“I expected to have a normal delivery,” shares Florence, a 34-year-old mother in Uganda, reflecting on her pregnancy.
Many soon-to-be mothers do. But for Florence, an emergency surgery halted her prospect of a straightforward birth. “When the doctor told me about surgery, my hopes turned into anxiety instantly,” she says.
Isma was Florence’s eighth child. He was born paralyzed from the waist down and differed from his siblings. “I felt a strong urge to keep him away from everyone’s sight,” says Florence. “I didn’t want anybody to know that he was disabled.” She was fearful of community perception — of ridicule and the stories people might conjure up about Isma’s disability.
The family didn’t have spare income to use for an operation for Isma. The thought of her son depending on others for all tasks troubled Florence as well. “We didn’t have anyone to turn to for help,” she says. Funds were tight, and the prospects for Isma’s future felt limited.
Building health and nutrition
The family’s reality began to change when Isma was 3 years old. A community volunteer contacted World Vision, recommending Isma to be admitted to an emergency feeding program. At 13 pounds, his weight was less than half of the average for his age group. Isma was admitted into World Vision’s community-based malnutrition program that facilitates malnutrition recovery within people’s own homes. The program includes resources and training so families can help keep their children healthy.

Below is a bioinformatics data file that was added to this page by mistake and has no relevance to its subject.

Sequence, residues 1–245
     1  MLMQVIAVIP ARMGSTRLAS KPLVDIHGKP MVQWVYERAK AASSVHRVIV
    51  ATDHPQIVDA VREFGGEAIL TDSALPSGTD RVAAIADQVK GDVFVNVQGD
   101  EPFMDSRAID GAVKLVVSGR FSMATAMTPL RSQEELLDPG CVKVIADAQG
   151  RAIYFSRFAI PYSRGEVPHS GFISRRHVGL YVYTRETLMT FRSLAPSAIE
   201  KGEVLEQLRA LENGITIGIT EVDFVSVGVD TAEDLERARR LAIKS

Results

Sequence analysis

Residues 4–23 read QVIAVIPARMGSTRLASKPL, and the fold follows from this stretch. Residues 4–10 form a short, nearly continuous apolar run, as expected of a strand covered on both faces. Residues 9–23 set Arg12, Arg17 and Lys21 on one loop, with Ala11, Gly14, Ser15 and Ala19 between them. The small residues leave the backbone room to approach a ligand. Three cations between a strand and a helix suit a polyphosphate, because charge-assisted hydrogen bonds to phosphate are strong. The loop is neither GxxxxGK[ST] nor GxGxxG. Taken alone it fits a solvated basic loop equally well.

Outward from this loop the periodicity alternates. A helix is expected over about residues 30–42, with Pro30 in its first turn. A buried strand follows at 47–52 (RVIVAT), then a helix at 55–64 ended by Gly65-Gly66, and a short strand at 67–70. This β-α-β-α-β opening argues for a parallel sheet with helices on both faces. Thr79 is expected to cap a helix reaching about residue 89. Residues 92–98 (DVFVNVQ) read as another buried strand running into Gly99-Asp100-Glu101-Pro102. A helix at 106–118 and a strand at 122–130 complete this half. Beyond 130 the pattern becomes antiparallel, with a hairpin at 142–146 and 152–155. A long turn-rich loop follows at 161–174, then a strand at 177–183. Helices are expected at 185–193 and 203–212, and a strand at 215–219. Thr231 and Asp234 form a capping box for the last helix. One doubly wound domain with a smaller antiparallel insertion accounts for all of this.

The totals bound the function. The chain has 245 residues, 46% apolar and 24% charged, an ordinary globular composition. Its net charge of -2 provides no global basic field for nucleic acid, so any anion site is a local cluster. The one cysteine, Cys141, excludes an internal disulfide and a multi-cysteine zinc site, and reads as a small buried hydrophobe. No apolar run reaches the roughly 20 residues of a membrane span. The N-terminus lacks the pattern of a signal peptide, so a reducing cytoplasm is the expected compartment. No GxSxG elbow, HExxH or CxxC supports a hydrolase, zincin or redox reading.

Florence and other mothers within the community gathered to cook nutritious meals using local foods they can easily find. The group brought various crops, and for 12 days, they prepared meals together for their children. In this program, children typically show signs of improvement over the 12-day period, and mothers leave knowing the meals they can make will help their children stay strong.
Before the training officially ends, children in the community program are also tested for malaria and worms to help ensure they have healthier futures.
Enabled and mobile
Over the last 10 years, 89% of the severely malnourished children World Vision treated made a full recovery. Isma is part of this — his health was on the mend. And on top of this, Isma is more mobile after World Vision purchased a wheelchair and then connected with a partner organization who customizes wheelchairs to suit children’s needs. “With these wheels, I can move anywhere. I feel comfortable, and it is easy to move around with a tray I use for eating food,” says Isma.
Amy Van Drunen of World Vision’s U.S. staff contributed to this article.